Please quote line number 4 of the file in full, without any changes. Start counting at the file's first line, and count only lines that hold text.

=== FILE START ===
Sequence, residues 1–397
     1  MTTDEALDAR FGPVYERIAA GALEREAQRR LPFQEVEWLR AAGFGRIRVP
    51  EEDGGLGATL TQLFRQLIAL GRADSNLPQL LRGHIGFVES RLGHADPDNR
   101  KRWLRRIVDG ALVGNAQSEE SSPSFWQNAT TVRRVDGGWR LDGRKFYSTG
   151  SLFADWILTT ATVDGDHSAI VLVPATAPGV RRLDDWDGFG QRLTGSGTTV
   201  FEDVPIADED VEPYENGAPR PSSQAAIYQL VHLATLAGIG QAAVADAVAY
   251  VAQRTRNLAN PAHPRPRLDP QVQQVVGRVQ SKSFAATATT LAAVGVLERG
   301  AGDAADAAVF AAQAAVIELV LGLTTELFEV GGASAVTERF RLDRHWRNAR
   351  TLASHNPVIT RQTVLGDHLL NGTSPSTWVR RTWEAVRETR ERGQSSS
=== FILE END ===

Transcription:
   101  KRWLRRIVDG ALVGNAQSEE SSPSFWQNAT TVRRVDGGWR LDGRKFYSTG